Your acupuncturist is your new bestie...

After all of our tests proved that my husband and I were essentially the definition of perfect fertile health (which by the way is a really annoying thing to hear when you’re struggling so much), you become labeled as “unexplained infertility” (which is also terribly annoying).  Basically that means be prepared to persevere your heart out, because with nothing to pinpoint, it’s going to be a long journey.  

A few months into my pointless road of intrauterine insemination, I decided to go see an acupuncturist.  On my first visit she spent an extraordinary amount of time with me and at one point told me my liver felt hot.  She asked me if I had ever had a liver work up, and if I had ever experienced complications with medication.  Without boring you with the nitty gritty details of hospital visits as a result of antibiotics gone awry, my answer was yes.  She felt that all the medication associated with IVF and IUI were not going to do me any good.  But being a doctor’s daughter, I gave some consideration to her hypothesis, but continued to inject myself with 22g needles and potent medication nightly.


After my second failed round of IVF my doctor, who now gave me a diagnosis of poor egg quality (for which there is no test, nor remedy), and told me I was a poor responder to medication.  Recently, my aunt concurred that given the failures I’d recently faced, I was no longer really a strong candidate for IVF... (should have listened to my acupuncturist all along!).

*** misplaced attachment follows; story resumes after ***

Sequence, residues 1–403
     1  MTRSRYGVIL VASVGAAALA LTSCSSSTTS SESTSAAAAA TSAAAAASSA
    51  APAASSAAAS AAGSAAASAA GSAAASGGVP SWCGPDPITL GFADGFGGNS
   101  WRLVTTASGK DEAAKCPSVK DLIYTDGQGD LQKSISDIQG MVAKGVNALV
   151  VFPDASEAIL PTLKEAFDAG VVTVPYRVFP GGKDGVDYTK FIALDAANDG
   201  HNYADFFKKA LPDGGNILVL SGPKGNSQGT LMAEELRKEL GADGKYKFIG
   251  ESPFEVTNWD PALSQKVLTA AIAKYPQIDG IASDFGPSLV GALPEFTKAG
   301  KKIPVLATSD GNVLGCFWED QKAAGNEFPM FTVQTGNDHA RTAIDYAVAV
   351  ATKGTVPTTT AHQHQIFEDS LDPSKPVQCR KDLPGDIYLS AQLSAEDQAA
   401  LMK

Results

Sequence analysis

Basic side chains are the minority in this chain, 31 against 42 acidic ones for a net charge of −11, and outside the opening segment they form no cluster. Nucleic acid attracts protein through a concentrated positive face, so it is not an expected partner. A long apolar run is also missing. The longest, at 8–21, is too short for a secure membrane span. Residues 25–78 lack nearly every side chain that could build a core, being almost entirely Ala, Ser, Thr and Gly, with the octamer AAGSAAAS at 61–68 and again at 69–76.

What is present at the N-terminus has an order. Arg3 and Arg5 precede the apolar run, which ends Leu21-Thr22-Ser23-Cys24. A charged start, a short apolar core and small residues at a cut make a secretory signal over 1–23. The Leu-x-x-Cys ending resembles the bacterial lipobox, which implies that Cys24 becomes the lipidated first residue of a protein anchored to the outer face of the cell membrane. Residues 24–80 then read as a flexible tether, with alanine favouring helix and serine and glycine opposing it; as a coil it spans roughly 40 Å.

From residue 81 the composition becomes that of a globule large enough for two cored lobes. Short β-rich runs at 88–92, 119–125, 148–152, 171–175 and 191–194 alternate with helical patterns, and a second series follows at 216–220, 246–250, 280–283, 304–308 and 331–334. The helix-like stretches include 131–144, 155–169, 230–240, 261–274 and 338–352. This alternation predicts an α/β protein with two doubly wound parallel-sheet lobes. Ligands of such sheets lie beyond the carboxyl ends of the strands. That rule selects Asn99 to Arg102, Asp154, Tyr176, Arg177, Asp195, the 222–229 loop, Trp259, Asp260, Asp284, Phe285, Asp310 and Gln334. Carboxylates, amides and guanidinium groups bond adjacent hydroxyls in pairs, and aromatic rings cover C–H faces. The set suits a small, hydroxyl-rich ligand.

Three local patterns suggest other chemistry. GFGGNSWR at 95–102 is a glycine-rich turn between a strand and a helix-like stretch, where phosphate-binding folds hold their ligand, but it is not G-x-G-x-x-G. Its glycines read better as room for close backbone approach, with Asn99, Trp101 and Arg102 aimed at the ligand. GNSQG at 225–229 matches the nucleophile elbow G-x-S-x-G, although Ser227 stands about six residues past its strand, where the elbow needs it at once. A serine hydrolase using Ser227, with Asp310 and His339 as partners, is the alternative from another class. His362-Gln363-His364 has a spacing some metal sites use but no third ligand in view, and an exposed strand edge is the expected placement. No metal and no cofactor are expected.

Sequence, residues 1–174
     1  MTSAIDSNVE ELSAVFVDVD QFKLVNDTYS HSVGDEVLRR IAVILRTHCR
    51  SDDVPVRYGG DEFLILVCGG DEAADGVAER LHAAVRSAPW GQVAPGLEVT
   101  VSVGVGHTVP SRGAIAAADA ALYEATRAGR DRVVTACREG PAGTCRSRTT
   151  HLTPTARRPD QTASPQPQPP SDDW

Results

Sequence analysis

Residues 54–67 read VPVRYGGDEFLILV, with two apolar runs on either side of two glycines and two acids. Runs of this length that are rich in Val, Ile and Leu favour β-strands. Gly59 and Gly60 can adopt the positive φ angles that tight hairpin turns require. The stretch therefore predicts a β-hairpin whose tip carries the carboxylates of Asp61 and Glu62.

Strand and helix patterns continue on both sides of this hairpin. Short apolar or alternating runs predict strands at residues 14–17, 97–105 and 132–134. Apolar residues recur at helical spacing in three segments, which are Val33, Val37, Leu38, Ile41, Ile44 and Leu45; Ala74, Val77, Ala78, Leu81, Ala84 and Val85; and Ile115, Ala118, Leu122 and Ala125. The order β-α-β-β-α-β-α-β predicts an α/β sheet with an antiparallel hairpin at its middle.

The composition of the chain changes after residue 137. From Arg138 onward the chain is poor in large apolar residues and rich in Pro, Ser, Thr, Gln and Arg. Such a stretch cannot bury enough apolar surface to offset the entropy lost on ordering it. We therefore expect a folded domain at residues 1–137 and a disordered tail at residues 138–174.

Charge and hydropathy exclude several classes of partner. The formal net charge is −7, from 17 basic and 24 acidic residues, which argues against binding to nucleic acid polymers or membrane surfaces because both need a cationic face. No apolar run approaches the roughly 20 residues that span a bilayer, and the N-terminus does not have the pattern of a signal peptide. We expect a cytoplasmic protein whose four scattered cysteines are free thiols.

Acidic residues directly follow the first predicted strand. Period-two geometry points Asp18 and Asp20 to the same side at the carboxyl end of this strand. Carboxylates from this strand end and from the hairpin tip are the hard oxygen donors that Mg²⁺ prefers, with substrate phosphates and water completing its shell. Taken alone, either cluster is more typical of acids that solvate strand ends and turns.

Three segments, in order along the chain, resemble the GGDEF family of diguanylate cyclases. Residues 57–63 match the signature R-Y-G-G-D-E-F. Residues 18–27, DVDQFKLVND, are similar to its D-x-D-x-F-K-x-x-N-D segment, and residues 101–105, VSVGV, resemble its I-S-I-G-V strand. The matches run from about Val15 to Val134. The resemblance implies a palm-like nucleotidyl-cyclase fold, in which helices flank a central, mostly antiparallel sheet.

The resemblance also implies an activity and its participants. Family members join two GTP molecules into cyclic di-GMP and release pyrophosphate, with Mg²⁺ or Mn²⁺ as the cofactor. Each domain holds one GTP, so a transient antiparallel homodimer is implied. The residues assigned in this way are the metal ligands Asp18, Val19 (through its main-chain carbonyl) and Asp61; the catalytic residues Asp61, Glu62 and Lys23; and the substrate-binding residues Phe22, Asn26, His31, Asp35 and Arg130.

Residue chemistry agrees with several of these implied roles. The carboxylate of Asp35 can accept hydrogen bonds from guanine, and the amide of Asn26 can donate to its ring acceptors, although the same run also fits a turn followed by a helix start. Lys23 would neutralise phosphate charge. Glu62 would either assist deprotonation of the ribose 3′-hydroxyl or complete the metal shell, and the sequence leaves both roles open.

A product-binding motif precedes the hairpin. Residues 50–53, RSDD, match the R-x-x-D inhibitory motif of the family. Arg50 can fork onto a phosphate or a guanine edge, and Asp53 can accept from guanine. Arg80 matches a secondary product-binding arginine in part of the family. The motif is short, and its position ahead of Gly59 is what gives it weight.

Tip: Your acupuncturist may not be as intuitive as mine, but it’s a road worth exploring.  The time spent at her office was time for myself.  It gave me an hour of forced rest every Tuesday and Saturday. Speaking to someone who wasn’t a doctor, but was equally as knowledgeable, was cathartic.  Whether a therapist, your hair stylist, or an acupuncturist, speaking to someone who is slightly removed from you emotionally, is such a refreshing outlet, and one definitely worth exploring.  Not to mention, Eastern medication has tremendous statistical success, so why the hell not?